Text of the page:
One Song

January 19, 2012
By Samantha818 BRONZE, Salem, Oregon
Samantha818 BRONZE, Salem, Oregon
1 article 0 photos 1 comment

Favorite Quote:
"Be yourself; everyone else is taken."--Oscar Wilde

My mother and I used to be the same person.
She was fond of saying this, and I would smile indulgently, assuming it was something all mothers said. However, I did not fully grasp her meaning until my grandfather’s funeral.
The news of Grandpa Howard’s death was a shock to everyone. My grandmother had passed away just weeks earlier, so wounds that were not quite healed were ripped open again. Dan, Howard’s son and my stepfather, had flown to Hayden, Idaho to arrange the service. The plan was for my mother and me to drive up that weekend. Afterward, we would all drive home together. Since Dan left, our house had been quiet, neither my mom nor I knowing quite what to say. Part way into the 8-hour drive to Hayden, my mother put on a CD to ease the silence. I lost myself in my thoughts until one phrase caught my attention.
But since it falls unto my lot
That I should rise and you should not
I will gently rise and I’ll softly call,

Goodnight and joy be with you all
I turned to my mother and asked if she would like to sing this with me at Grandpa’s service. She shot me a stunned look, which I understood. My whole family is musical, therefore singing, playing an instrument are as natural as Little League is to other families. I have performed on the piano, the violin and the ukulele, but I am not known to get up and sing in front of people, especially a cappella. My mom, however, said nothing; she just nodded and started the song over.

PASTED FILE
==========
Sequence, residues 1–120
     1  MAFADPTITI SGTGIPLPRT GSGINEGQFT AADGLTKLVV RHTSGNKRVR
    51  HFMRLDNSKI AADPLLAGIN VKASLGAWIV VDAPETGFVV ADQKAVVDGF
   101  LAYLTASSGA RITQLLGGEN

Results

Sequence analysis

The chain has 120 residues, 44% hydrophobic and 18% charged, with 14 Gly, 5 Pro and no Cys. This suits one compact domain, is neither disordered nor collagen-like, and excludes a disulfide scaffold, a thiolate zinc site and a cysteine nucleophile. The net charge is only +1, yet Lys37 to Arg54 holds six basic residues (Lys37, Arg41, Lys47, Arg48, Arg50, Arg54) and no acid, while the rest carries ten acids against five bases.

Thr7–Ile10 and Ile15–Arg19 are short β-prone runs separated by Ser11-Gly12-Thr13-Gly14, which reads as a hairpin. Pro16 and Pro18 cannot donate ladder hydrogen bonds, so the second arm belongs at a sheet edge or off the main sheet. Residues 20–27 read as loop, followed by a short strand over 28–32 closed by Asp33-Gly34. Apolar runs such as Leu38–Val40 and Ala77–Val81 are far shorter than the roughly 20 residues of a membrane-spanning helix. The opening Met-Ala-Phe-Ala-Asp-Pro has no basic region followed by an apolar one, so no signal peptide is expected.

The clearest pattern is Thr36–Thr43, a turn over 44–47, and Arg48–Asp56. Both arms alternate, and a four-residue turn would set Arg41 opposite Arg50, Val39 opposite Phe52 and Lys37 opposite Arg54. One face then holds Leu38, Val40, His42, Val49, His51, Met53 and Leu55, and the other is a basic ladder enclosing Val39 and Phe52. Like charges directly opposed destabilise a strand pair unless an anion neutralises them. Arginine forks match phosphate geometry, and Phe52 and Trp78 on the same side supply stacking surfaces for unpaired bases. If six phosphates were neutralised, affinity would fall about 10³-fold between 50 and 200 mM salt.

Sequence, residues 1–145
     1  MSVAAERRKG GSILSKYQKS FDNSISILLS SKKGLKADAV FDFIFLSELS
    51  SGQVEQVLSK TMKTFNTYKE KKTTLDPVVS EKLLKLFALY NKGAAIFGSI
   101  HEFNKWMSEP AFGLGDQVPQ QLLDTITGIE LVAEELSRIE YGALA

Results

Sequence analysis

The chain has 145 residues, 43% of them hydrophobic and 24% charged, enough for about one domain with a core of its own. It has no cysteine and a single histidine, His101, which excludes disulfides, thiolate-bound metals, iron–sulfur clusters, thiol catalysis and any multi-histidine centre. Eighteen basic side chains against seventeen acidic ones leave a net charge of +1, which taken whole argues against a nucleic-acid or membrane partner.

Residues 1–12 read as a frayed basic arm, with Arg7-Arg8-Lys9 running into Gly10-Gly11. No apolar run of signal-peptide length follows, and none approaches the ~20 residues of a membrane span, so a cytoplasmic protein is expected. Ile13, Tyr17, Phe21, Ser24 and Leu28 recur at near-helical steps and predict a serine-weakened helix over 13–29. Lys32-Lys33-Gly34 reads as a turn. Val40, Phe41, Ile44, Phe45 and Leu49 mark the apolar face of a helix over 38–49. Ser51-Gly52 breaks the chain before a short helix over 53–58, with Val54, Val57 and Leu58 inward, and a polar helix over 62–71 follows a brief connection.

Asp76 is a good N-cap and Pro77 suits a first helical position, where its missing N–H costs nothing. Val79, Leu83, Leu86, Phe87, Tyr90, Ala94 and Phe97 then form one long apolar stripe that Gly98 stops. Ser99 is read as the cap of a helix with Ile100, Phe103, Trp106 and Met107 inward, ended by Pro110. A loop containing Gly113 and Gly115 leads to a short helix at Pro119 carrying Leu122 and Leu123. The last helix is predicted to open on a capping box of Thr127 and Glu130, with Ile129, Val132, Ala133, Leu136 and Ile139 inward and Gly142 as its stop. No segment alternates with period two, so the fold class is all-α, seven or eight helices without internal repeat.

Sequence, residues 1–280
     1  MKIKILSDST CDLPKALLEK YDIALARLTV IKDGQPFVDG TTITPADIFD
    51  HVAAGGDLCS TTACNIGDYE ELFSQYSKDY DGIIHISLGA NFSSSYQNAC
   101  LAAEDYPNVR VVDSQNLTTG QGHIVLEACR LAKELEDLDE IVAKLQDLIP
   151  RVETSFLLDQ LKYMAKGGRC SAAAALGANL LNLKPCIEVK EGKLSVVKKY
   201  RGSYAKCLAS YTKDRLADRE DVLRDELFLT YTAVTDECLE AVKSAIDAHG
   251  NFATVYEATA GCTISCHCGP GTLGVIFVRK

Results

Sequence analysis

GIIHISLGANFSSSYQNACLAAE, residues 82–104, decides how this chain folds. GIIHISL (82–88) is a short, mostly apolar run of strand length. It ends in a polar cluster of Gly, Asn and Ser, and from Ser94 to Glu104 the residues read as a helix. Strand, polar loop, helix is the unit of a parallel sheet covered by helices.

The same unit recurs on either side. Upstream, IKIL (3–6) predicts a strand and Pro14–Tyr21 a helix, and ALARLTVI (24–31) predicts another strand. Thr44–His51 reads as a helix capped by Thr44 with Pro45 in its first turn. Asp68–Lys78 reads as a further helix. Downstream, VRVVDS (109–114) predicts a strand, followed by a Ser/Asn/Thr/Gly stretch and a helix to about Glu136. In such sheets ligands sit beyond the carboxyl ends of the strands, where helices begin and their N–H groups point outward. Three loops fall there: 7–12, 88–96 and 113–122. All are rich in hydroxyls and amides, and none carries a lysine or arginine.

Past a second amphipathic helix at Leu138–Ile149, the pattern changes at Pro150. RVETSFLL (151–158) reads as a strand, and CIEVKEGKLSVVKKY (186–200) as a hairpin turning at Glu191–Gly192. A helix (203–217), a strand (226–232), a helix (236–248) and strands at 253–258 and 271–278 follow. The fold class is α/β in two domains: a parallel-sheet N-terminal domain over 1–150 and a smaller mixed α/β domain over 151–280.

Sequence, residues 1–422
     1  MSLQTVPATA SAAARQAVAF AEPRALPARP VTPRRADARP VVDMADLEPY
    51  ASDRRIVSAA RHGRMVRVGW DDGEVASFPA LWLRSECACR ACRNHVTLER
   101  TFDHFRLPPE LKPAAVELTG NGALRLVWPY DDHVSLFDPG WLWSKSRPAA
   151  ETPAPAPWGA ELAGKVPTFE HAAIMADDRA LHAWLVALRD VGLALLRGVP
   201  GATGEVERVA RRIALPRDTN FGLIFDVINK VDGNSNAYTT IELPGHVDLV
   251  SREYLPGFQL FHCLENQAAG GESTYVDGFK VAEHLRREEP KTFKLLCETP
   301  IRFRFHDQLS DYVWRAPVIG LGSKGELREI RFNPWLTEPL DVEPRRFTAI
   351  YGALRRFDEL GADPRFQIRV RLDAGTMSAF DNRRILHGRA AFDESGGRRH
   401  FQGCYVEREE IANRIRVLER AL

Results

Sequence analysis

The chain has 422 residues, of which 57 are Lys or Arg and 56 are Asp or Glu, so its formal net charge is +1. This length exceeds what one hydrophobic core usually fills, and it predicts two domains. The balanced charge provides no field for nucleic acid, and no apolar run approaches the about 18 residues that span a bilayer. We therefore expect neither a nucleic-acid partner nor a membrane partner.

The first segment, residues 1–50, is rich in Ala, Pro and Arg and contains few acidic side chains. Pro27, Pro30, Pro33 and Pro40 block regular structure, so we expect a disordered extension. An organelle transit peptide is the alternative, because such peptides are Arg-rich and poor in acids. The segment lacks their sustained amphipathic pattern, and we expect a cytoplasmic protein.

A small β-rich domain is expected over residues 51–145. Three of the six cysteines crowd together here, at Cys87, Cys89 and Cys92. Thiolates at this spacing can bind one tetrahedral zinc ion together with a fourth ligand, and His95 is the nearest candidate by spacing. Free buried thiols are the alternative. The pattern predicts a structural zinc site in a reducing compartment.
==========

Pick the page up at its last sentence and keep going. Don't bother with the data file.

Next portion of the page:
Again, and again we sang it, trying to perfect harmonies and memorize words. I watched the clouds on the horizon turn from rosy to purple, and from purple to black with our headlights illuminating the lines on the road. Mom and I had some great moments, laughing over errors and hunting for notes. Then there were the low points, such as the 40-mile stretch from Fishtrap to Cheney, Washington spent bickering over wrong lyrics or timing. And yet, by the time we reached Hayden, we had it nailed.
The chapel for Grandpa Howard’s service was beautiful. With no need for a microphone, the testimonies from family and friends echoed down the pews and hung in the air, allowing the emotion to sink in. The final tribute would come from my mother and me; our song. We stood at the front of the church without accompaniment, and instinctively my hand grasped hers right before we opened our mouths for the first note.
The tiny chapel rang with our combined voices and when it ended, my heart was full. Later, back at the house my aunt remarked on what courage and poise I had shown, and how well my voice blended with my mother’s.
“Well,” I replied, catching Mom’s eye over my aunt’s shoulder, “we used to be the same person.”

The author's comments:
I wrote this piece to send to Yale for my application to attend the university. They wanted to know something about me that "was not reflected in my application." This story is dear to my heart, and means a lot to my family.

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This article has 5 comments.

on Feb. 1 2012 at 9:48 pm